These have been the best of times for James Pagliotti. He loved his profession, his challenging new assignment and, above all, a young woman named Vicky Houghton.
Even better days seemed ahead.
In October, he and Houghton were scheduled to be married, on the one-year anniversary of their first date.
But on the night of June 22, Pagliotti’s future ended when the 28-year-old Los Angeles police officer was killed in a shootout in a drug-plagued San Fernando Valley neighborhood. He died after responding to a fellow officer’s call for assistance.
“Jim did what had to be done because his community and partner were in peril,” Lt. Mike Hillmann, one of Pagliotti’s supervisors in LAPD’s famed Metropolitan division, told more than 2,000 mourners at a memorial service. “He was truly a role model for Metro and will never be forgotten.”
The service at Scottish Rite Temple dew uniformed police officers from more than two- dozen law-enforcement agencies throughout Southern California. All wore black bands of mourning across their badges.
Pagliotti, who joined the Metropolitan division last December, was remembered by Hillmann and other co-workers as an energetic, loyal and dedicated officer, who lived each day to its fullest.
“His zest for life pushed him to the limits,” said LAPD Officer Glynn Martin, Pagliotti’s close friend since they went through the police academy together. “Jim loved life and life loved Jim back.”
Martin described Pagliotti as “a man ahead of his time, who identified with two other Americans ahead of their time – James Dean and Bruce Springsteen.”
He quoted lyrics from the Springsteen song “No Surrender,” which he said best described Pagliotti’s attitude: “We made a promise we’d always remember. No retreat, no surrender.”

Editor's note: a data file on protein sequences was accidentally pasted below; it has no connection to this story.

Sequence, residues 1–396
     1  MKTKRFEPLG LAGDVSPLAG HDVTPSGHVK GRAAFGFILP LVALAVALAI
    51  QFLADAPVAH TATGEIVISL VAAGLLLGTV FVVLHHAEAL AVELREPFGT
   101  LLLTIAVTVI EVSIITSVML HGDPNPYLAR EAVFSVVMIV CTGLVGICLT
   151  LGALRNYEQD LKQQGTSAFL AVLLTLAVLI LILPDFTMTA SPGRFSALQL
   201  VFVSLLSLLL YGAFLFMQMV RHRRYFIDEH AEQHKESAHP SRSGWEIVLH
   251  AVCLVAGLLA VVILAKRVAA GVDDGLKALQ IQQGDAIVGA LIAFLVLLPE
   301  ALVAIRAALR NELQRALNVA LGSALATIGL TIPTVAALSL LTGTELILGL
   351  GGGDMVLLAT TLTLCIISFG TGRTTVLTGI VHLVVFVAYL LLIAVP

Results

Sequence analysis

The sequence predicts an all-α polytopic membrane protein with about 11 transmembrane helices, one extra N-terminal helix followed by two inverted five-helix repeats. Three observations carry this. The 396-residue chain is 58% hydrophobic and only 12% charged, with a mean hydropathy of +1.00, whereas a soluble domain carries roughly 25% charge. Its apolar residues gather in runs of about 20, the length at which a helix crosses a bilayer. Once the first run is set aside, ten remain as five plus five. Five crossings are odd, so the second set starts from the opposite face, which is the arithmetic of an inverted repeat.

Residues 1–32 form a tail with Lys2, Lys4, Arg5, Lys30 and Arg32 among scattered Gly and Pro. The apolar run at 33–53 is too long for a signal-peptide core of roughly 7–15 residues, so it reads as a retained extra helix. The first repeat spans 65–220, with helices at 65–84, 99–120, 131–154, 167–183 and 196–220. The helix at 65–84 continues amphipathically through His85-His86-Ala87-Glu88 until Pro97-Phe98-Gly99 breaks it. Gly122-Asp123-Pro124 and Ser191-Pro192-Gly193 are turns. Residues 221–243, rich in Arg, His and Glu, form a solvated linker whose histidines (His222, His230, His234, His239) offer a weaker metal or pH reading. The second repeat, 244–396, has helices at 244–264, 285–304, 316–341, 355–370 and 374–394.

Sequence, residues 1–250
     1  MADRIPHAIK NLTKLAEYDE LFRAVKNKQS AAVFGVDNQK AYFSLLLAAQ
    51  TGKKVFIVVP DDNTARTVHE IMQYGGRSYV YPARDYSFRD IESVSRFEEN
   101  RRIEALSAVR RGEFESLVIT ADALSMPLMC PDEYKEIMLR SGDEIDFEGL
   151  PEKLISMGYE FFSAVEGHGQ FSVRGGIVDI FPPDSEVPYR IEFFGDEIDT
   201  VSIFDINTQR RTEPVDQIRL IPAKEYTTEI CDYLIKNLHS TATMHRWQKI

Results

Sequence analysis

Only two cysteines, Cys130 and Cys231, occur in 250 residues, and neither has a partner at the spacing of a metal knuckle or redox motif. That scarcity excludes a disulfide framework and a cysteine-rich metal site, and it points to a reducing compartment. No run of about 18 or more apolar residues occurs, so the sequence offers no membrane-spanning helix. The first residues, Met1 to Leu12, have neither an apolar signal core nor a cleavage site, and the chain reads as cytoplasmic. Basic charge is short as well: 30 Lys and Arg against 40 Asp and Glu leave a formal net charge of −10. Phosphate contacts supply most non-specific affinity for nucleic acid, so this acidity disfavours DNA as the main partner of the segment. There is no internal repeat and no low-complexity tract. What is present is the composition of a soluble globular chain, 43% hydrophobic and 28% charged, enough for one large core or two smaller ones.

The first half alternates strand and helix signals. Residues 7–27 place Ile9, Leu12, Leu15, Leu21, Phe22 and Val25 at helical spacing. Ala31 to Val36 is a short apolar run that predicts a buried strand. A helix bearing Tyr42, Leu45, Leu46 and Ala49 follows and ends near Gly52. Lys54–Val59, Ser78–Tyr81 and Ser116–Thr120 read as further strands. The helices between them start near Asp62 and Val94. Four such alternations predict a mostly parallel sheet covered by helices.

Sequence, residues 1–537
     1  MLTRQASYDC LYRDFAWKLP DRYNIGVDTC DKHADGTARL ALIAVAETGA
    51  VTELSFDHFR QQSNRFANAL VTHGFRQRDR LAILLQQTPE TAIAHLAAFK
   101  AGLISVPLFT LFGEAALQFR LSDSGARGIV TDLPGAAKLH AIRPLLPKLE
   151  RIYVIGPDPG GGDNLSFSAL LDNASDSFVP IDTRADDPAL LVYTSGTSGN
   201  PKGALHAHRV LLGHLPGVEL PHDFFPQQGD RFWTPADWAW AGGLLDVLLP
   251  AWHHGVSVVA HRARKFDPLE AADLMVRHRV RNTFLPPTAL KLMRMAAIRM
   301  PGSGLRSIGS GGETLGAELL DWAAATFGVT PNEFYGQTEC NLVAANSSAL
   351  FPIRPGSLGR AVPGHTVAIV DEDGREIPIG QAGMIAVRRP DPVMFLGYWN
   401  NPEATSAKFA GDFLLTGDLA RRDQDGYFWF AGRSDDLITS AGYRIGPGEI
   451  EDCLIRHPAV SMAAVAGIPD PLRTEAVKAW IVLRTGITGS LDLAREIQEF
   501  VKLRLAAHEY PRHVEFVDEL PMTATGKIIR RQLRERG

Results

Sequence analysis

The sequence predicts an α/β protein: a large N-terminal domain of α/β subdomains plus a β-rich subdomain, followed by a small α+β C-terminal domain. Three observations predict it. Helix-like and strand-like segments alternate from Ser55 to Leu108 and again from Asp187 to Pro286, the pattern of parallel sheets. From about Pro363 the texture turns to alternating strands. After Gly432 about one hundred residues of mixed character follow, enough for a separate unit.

That attitude, along with Pagliotti’s desire, were trademarks of the five-year LAPD veteran, Martin told mourners.
“On that fateful Monday night, Jim never retreated, he never surrendered,” he said. “Jim we love you. Bye, old buddy.”
For Pagliotti, becoming a policeman was a longtime goal. He received a bachelor’s degree in criminology from Cal State Fresno in 1981 and joined the Los Angeles Police Department the following year.
“He just enjoyed catching crooks and putting bad guys in jail,” said Hillmann. “He took great pride in it.”
During the service, the temple was filled to near capacity, mostly with police officers that solemnly entered single file, their hats or motorcycle helmets tucked securely under their left arms. Pagliotti’s Metropolitan division colleagues were the last officers inside. They waited alone outside as a group, then walked in together and sat in front, just behind the slain officer’s family.
Following the eulogies, Police Chief Daryl Gates presented to Pagliotti’s mother, Alice, the American flag that draped her son’s coffin. He then quietly offered words of condolence to her and the officer’s fiancée, his father, Joe, and brother, Danny.
Houghton, the fiancée, was the first love of Pagliotti’s life, his good friend Martin told mourners.
“We mourn not only Jim, but Vicky, too,” he said.
Understandably, the service touched those in attendance. Many officers repeatedly wiped their eyes, some embracing afterward. Houghton and Pagliotti’s mother held on to each other throughout the morning, comforting one another.
“He was very good at what he did,” Houghton said quietly afterward. “He just loved his job.